by

Free iPads, With a Catch: They’ll Squeal if You Cut Class

Lynn University, a small institution in Boca Raton, Fla., started giving away iPads to all its new students about a year and a half ago. Now there is a catch: If those students cut class, their iPads might tattle on them.

The university is planning to try out a new app, called Class120, to “ping” its students’ iPads during class periods. If GPS or the campus wi-fi network indicates that someone’s device is not present, the app will send the student an automated reminder, and may notify his or he…

by

New Social Network Is All College, All the Time

Once upon a time, Facebook was reserved for college students only. A new social network is trying to reboot that idea, with a college-only service called Friendsy.

The service is the creation of two Princeton University undergraduates, Michael Pinsky and Vaidhy Murti, who hope to help facilitate connections among college students who might otherwise never meet.

“It’s kind of nice and reassuring to know that there’s a network of people just like you out there who are trying to meet other pe…

by

Understanding the New Higher-Ed Landscape: Chronicle Sessions at SXSWedu

Big challenges face higher education these days, and plenty of talk about new models and approaches. At this year’s South by Southwest education conference, in Austin, Tex., The Chronicle is organizing a morning of sessions to share some of the trends and challenges we’re seeing, and we invite audience members to share their big ideas.

As part of the event, we’re borrowing a page from the TV show Shark Tank. We’re inviting several academic and start-up leaders to make a three-minute pitch abou…

by

Meet the 26-Year-Old Behind Academic Twitter’s Most Popular Hashtags

It didn’t take much for Glen Wright to figure out that academics on Twitter are just like everyone else.

“#AcademicWithCats—let’s get it started people!” wrote Mr. Wright, a Paris-based researcher, from the account for his blog, Academia Obscura.

Many academics spend their days reading and purveying dense, largely humorless tomes, or buried in lab work or archives, and have a reputation as a serious tribe. Cats and Twitter, however, are great equalizers. Following Mr. Wright’s post, in early D…

by

Meet the New, Self-Appointed MOOC Accreditors: Google and Instagram

Some of the biggest MOOC producers, including Daphne Koller’s Coursera, may have figured out how to get employers to accept free online courses as credentials: Get big-name companies to help design them. (Neilson Barnard, Getty Images, for The New York Times)

A big question for MOOCs, the free online courses that hundreds of colleges now offer, is whether employers will take them seriously as credentials. But some of the biggest MOOC producers may have figured out how to jump-start employer buy-…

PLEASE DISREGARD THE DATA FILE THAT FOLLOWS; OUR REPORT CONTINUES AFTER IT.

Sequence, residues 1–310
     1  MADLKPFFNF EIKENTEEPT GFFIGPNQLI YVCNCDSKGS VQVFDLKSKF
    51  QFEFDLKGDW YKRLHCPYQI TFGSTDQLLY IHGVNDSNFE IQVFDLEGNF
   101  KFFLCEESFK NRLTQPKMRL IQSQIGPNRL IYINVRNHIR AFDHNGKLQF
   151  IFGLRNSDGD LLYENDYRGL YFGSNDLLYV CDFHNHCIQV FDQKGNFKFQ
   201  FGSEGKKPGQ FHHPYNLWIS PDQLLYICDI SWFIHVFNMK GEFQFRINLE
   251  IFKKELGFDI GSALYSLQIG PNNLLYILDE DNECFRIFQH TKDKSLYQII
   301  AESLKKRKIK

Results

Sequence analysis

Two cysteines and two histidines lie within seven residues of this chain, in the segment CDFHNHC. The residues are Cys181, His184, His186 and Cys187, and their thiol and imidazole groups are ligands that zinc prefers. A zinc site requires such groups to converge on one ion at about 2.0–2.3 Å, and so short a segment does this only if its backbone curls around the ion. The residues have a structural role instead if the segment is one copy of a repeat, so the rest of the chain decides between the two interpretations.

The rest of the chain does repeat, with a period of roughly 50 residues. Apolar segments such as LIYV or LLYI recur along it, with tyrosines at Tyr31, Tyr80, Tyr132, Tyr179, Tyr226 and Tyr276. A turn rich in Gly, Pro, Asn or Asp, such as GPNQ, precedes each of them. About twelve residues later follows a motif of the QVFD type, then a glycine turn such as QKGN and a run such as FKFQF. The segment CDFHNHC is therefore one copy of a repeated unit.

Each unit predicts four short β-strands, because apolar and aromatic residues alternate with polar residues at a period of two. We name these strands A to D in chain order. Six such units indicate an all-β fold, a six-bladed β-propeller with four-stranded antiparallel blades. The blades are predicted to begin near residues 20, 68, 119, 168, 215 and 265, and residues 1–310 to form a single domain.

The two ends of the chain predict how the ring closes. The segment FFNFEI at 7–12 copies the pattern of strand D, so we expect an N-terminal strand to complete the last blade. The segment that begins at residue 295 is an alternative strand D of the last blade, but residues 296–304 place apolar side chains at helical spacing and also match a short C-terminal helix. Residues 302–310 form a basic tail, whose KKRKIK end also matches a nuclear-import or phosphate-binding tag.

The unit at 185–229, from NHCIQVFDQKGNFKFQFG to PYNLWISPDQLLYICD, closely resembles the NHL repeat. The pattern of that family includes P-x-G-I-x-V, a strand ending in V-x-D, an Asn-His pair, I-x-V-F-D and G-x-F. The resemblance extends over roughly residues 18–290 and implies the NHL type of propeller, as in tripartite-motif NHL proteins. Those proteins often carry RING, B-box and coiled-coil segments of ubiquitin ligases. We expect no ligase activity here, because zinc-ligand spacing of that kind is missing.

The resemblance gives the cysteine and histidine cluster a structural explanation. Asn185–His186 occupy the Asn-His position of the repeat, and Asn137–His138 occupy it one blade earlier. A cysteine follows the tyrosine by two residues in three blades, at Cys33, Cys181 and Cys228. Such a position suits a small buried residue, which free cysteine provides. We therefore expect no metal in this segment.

by

Professors Know About High-Tech Teaching Methods, but Few Use Them

Innovation is sweeping the world of higher education, but not all faculty members are embracing it in their classrooms.

A new survey from the Bill & Melinda Gates Foundation has found that 40 percent of the professors surveyed use or are interested in using innovative techniques and technologies. But of that 40 percent, only half—or 20 percent of the overall survey sample—have actually used them.

The survey asked professors whether they had used various kinds of high-tech teaching methods, inclu…

by

The MOOC Hype Fades, in 3 Charts

Few people would now be willing to argue that massive open online courses are the future of higher education. The percentage of institutions offering a MOOC seems to be leveling off, at around 14 percent, while suspicions persist that MOOCs will not generate money or reduce costs for universities—and are not, in fact, sustainable.

The latest figures come from the Babson Survey Research Group’s annual survey, which was based on a 2014 survey of more than 2,800 academic leaders and was released …

by

3 Things Academic Leaders Believe About Online Education

The Babson Survey Research Group released its annual online-education survey on Thursday. The Babson surveyors, Jeffrey Seaman and I. Elaine Allen, have been tracking online higher education since 2002, soliciting responses from chief academic officers at thousands of institutions.

You can read this year’s report, based on a survey conducted in 2014, here. But if you don’t have the time, here are three things academic leaders believe about online education:

1. Online education has become mission…

by

App Gives Students an Incentive to Keep Their Phones Locked in Class

screen568x568Resisting the urge to pull out your phone in class is quite difficult for many students, apparently. There are texts to answer, emails to read, snapchats to send, and rude comments to post on Yik Yak. But two students at California State University at Chico have created something they hope will persuade students to keep their phones tucked firmly in their pockets: An app that rewards them with coupons for local businesses when they exhibit self-control and leave their phones untouched during cla…

by

Could Video Feedback Replace the Red Pen?

Screenshot 2015-01-24 08.12.56

Stills from a video critique by Monash U.’s Michael Henderson.

Writing useful comments on students’ work can be a fine art. And for instructors who put a lot of effort into crafting a critique, there’s always a substantial risk students will skip the written feedback and go right to the grade.

When Michael Henderson is grading his students’ final assignments, he likes to skip the written comments for them. Instead of a red pen, Mr. Henderson, a senior lecturer in education at Monash University, …